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Title: Microdistribution and Long-Term Retention of 239Pu (NO3)4 in the Respiratory Tracts of an Acutely Exposed Plutonium Worker and Experimental Beagle Dogs

Abstract

The long-term retention of inhaled soluble forms of plutonium raises concerns as to the potential health effects in persons working in nuclear energy or the nuclear weapons program. The distributions of long-term retained inhaled plutonium-nitrate [239Pu (NO3)4] deposited in the lungs of an accidentally exposed nuclear worker (Human Case 0269) and in the lungs of experimentally exposed beagle dogs with varying initial lung depositions were determined via autoradiographs of selected histological lung, lymph node, trachea, and nasal turbinate tissue sections. These studies showed that both the human and dogs had a non-uniform distribution of plutonium throughout the lung tissue. Fibrotic scar tissue effectively encapsulated a portion of the plutonium and prevented its clearance from the body or translocation to other tissues and diminished dose to organ parenchyma. Alpha radiation activity from deposited plutonium in Human Case 0269 was observed primarily along the sub-pleural regions while no alpha activity was seen in the tracheobronchial lymph nodes of this individual. However, relatively high activity levels in the tracheobronchial lymph nodes of the beagles indicated the lymphatic system was effective in clearing deposited plutonium from the lung tissues. In both the human case and beagle dogs, the appearance of retained plutonium within themore » respiratory tract was inconsistent with current biokinetic models of clearance for soluble forms of plutonium. Bound plutonium can have a marked effect on the dose to the lungs and subsequent radiation exposure has the potential increase in cancer risk.« less

Authors:
; ; ; ; ; ; ; ;
Publication Date:
Research Org.:
Pacific Northwest National Lab. (PNNL), Richland, WA (United States)
Sponsoring Org.:
USDOE
OSTI Identifier:
1057822
Report Number(s):
PNNL-SA-87930
DOE Contract Number:  
AC05-76RL01830
Resource Type:
Journal Article
Journal Name:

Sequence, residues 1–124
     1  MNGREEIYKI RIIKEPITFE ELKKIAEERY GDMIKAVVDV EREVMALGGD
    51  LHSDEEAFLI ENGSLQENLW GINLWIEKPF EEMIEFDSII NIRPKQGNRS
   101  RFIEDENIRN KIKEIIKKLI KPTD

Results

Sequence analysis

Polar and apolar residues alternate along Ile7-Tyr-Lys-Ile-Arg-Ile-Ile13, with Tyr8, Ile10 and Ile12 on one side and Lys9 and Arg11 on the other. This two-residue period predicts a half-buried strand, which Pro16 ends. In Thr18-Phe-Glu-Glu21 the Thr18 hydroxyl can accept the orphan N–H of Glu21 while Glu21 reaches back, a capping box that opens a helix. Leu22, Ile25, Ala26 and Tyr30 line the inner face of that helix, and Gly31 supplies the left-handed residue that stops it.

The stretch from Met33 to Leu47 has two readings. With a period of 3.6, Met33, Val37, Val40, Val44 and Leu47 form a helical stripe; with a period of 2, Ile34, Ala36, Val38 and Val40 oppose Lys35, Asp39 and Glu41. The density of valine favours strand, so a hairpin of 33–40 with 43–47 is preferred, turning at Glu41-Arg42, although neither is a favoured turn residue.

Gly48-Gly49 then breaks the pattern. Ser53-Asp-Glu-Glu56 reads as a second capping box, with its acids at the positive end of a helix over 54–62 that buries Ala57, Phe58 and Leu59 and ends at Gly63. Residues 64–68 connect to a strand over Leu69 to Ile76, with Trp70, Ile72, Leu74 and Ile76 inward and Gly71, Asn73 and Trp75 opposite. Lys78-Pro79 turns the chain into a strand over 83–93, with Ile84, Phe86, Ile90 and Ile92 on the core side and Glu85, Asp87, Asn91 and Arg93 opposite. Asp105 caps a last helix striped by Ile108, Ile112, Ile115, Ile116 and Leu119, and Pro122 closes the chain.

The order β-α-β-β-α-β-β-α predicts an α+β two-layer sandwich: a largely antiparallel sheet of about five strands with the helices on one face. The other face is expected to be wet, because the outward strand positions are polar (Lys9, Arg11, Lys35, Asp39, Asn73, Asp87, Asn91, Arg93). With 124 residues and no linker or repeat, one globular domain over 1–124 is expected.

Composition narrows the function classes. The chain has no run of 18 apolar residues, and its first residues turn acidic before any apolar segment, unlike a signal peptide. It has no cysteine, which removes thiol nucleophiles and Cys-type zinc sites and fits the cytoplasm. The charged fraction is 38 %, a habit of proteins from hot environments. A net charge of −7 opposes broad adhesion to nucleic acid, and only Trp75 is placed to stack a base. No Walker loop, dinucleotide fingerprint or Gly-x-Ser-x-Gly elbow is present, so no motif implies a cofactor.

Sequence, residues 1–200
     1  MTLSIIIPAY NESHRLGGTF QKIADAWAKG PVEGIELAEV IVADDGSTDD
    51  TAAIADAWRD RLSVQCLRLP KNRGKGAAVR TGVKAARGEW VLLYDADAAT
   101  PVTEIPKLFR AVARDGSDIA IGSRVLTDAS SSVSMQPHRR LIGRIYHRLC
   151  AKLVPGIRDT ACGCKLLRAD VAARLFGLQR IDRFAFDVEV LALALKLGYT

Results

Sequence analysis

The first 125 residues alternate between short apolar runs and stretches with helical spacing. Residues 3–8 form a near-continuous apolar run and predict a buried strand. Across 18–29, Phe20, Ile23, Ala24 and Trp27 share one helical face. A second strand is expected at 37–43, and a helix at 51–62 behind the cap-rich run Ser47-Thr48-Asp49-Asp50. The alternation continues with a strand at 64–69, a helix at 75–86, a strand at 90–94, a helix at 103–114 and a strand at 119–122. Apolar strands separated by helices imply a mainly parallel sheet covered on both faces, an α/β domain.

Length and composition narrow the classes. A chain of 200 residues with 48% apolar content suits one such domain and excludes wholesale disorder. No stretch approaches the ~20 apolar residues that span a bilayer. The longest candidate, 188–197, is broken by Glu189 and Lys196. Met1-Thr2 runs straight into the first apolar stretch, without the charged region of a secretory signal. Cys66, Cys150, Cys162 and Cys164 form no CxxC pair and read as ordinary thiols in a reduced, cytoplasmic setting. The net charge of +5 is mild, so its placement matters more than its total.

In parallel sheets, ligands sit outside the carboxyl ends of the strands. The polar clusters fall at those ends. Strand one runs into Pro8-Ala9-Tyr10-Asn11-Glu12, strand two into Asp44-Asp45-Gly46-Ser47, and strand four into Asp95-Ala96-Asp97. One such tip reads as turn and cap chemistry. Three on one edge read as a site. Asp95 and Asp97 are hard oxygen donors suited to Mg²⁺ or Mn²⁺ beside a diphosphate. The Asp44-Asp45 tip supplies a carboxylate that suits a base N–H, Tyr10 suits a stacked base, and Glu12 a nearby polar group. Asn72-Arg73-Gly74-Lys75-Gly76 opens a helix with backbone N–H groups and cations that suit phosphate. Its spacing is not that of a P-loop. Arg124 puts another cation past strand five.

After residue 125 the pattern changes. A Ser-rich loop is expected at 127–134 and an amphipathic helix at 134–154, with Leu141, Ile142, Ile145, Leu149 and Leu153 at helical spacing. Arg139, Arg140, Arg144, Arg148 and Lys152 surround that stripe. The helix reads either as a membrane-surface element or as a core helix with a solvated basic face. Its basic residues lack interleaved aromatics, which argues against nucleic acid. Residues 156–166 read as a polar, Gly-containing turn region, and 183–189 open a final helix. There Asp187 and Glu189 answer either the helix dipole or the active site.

Cancer Research, 72(21):5529-5536
Additional Journal Information:
Journal Name: Cancer Research, 72(21):5529-5536
Country of Publication:
United States
Language:
English

Citation Formats

Nielsen, Christopher E., Wilson, Dulaney A., Brooks, Antone L., McCord, Stacey, Dagle, Gerald E., James, Anthony C., Tolmachev, Sergei Y., Thrall, Brian D., and Morgan, William F. Microdistribution and Long-Term Retention of 239Pu (NO3)4 in the Respiratory Tracts of an Acutely Exposed Plutonium Worker and Experimental Beagle Dogs. United States: N. p., 2012. Web. doi:10.1158/0008-5472.CAN-12-1824.
Nielsen, Christopher E., Wilson, Dulaney A., Brooks, Antone L., McCord, Stacey, Dagle, Gerald E., James, Anthony C., Tolmachev, Sergei Y., Thrall, Brian D., & Morgan, William F. Microdistribution and Long-Term Retention of 239Pu (NO3)4 in the Respiratory Tracts of an Acutely Exposed Plutonium Worker and Experimental Beagle Dogs. United States. doi:10.1158/0008-5472.CAN-12-1824.
Nielsen, Christopher E., Wilson, Dulaney A., Brooks, Antone L., McCord, Stacey, Dagle, Gerald E., James, Anthony C., Tolmachev, Sergei Y., Thrall, Brian D., and Morgan, William F. Thu . "Microdistribution and Long-Term Retention of 239Pu (NO3)4 in the Respiratory Tracts of an Acutely Exposed Plutonium Worker and Experimental Beagle Dogs". United States. doi:10.1158/0008-5472.CAN-12-1824.
@article{osti_1057822,
title = {Microdistribution and Long-Term Retention of 239Pu (NO3)4 in the Respiratory Tracts of an Acutely Exposed Plutonium Worker and Experimental Beagle Dogs},
author = {Nielsen, Christopher E. and Wilson, Dulaney A. and Brooks, Antone L. and McCord, Stacey and Dagle, Gerald E. and James, Anthony C. and Tolmachev, Sergei Y. and Thrall, Brian D. and Morgan, William F.},
abstractNote = {The long-term retention of inhaled soluble forms of plutonium raises concerns as to the potential health effects in persons working in nuclear energy or the nuclear weapons program. The distributions of long-term retained inhaled plutonium-nitrate [239Pu (NO3)4] deposited in the lungs of an accidentally exposed nuclear worker (Human Case 0269) and in the lungs of experimentally exposed beagle dogs with varying initial lung depositions were determined via autoradiographs of selected histological lung, lymph node, trachea, and nasal turbinate tissue sections. These studies showed that both the human and dogs had a non-uniform distribution of plutonium throughout the lung tissue. Fibrotic scar tissue effectively encapsulated a portion of the plutonium and prevented its clearance from the body or translocation to other tissues and diminished dose to organ parenchyma. Alpha radiation activity from deposited plutonium in Human Case 0269 was observed primarily along the sub-pleural regions while no alpha activity was seen in the tracheobronchial lymph nodes of this individual. However, relatively high activity levels in the tracheobronchial lymph nodes of the beagles indicated the lymphatic system was effective in clearing deposited plutonium from the lung tissues. In both the human case and beagle dogs, the appearance of retained plutonium within the respiratory tract was inconsistent with current biokinetic models of clearance for soluble forms of plutonium. Bound plutonium can have a marked effect on the dose to the lungs and subsequent radiation exposure has the potential increase in cancer risk.},
doi = {10.1158/0008-5472.CAN-12-1824},
journal = {Cancer Research, 72(21):5529-5536},
number = ,
volume = ,
place = {United States},
year = {2012},
month = {11}
}